The proposition is stated by one of the counsel for the appellant, in his printed argument, as follows: "A vessel, without propelling or steering power, lashed to the side of a tug, is sunk, as the result of a collision between such tug and another one. In a libel filed by the tow against both tugs, to which answers are interposed, in neither of which is negligence causing or contributing to the collision attributed to the tow and by which each tug seeks to exculpate itself and inculpate the other, a prima facie case of negligence arises without the necessity of proving the specific acts of negligence by either or both tugs, and that the decree to be entered in favor of the libellant, either against one tug alone or against both, is dependent entirely upon the nature of the evidence which it is incumbent upon the tugs to produce, in order to determine as between themselves the issues so made by them by their respective answers."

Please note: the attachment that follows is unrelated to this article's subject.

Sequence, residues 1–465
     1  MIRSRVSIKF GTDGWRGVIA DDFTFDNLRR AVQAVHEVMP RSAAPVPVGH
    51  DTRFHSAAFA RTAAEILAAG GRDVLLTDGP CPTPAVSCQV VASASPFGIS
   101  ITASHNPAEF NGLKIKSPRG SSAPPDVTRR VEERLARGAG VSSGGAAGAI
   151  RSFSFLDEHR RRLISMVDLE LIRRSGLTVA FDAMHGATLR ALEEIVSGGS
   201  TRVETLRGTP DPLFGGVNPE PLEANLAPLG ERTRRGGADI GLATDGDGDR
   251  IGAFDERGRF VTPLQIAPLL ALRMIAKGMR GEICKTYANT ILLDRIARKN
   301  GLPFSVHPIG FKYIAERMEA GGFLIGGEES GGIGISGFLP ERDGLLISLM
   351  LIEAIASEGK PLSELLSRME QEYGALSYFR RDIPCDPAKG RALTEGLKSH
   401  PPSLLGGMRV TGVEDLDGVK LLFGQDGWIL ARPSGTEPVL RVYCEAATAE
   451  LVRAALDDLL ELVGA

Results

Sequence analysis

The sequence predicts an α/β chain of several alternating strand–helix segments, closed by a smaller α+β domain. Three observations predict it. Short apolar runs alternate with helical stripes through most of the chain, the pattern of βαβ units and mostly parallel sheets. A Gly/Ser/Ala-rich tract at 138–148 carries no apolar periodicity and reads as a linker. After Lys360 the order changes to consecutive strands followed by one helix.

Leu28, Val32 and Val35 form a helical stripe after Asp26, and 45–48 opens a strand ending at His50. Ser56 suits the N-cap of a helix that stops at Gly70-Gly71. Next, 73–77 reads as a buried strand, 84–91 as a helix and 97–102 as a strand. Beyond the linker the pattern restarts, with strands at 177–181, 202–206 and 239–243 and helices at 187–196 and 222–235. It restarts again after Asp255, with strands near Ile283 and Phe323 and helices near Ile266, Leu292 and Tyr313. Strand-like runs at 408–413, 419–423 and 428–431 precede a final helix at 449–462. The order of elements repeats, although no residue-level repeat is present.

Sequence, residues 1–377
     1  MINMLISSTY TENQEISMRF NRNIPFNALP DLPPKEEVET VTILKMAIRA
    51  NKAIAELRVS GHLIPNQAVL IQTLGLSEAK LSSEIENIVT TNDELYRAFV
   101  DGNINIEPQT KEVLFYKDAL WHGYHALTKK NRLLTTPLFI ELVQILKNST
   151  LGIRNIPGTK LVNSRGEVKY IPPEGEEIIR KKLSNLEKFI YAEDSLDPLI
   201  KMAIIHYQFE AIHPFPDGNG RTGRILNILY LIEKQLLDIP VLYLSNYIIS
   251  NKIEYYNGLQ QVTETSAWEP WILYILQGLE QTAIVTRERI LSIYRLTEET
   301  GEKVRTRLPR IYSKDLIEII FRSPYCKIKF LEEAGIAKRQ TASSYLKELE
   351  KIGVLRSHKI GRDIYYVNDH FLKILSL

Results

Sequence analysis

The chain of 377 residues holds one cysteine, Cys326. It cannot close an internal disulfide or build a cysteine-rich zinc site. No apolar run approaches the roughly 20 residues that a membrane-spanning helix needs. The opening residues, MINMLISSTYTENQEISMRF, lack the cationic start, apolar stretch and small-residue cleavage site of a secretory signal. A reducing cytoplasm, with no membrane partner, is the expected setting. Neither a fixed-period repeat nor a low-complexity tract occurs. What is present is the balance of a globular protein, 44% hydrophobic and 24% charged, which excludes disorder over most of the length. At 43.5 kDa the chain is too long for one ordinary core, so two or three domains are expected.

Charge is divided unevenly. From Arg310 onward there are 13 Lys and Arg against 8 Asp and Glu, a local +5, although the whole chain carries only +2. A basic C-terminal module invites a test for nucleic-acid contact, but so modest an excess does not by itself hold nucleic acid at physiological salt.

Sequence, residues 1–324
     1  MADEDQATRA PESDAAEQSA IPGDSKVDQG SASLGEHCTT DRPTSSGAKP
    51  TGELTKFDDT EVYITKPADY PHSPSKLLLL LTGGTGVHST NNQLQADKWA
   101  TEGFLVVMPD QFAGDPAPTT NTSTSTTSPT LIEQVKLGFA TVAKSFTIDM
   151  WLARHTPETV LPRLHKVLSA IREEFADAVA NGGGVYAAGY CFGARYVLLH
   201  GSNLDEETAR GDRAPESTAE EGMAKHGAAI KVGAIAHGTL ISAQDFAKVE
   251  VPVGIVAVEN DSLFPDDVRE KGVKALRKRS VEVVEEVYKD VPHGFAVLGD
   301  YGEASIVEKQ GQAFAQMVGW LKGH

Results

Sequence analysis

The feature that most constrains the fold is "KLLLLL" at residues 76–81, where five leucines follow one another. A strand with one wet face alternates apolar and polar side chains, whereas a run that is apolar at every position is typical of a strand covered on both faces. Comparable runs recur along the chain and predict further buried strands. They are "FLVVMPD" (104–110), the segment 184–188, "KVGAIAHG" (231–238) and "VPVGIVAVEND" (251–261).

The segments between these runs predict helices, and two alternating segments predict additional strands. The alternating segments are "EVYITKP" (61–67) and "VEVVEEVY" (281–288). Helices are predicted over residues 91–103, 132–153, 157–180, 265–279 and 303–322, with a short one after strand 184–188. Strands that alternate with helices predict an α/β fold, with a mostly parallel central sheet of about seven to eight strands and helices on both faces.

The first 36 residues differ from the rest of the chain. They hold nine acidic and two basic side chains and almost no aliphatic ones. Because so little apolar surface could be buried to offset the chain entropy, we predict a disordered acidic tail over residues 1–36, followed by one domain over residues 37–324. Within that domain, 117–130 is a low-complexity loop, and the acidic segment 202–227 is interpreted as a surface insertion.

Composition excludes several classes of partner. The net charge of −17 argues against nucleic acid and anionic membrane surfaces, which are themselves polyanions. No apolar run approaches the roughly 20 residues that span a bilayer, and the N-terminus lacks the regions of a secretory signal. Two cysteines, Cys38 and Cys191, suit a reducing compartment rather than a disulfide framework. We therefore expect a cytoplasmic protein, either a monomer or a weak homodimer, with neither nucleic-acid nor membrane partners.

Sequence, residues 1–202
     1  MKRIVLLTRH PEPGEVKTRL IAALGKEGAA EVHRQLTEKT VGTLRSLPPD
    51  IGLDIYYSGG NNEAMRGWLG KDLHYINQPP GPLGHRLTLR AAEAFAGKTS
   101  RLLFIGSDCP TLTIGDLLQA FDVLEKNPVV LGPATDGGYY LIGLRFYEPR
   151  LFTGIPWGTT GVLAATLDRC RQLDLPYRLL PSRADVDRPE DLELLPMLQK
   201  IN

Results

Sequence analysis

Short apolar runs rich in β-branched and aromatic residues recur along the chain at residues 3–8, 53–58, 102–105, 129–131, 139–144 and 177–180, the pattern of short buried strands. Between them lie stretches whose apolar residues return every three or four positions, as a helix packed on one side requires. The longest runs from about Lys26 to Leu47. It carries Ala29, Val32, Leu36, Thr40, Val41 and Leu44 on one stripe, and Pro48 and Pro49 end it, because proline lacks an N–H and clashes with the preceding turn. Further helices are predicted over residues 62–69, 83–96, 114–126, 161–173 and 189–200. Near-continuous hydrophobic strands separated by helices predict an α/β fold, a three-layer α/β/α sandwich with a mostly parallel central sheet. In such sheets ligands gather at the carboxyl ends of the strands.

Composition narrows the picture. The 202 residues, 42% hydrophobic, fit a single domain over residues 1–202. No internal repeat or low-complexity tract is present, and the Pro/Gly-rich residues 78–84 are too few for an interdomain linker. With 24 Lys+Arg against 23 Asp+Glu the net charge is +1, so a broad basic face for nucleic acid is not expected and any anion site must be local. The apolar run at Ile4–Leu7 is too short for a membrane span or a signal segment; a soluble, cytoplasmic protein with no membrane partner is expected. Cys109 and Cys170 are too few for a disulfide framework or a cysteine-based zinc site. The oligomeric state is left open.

The propriety and soundness of this rule is supposed in argument to rest upon two general grounds: 1st. It is contended that the tow which was injured by the collision is in the same category, as respects both tugs, as that of a vessel at anchor injured by a collision with a moving vessel, where the burden of proof is upon the latter to show that it was without fault, or that the disaster was the result of fault on the part of the complaining party. 2d. That where it appears, as in the present case, that the tow, being helpless as to its own navigation, was without fault on its part, and it is manifest, from the circumstances appearing on the pleadings, that the collision was caused either by the fault of one or the other of the tugs, or was the result of inevitable accident, the burden of proof rests upon each to establish such facts as excuse it. The argument is, that such a disaster could only occur from fault of navigation, or from that vis major which is styled inevitable accident; that by the supposition the appellant is free from fault; that consequently it must be that either there was fault on the other side or inevitable accident, in either of which cases it is incumbent upon the respondent affirmatively to establish its excuse.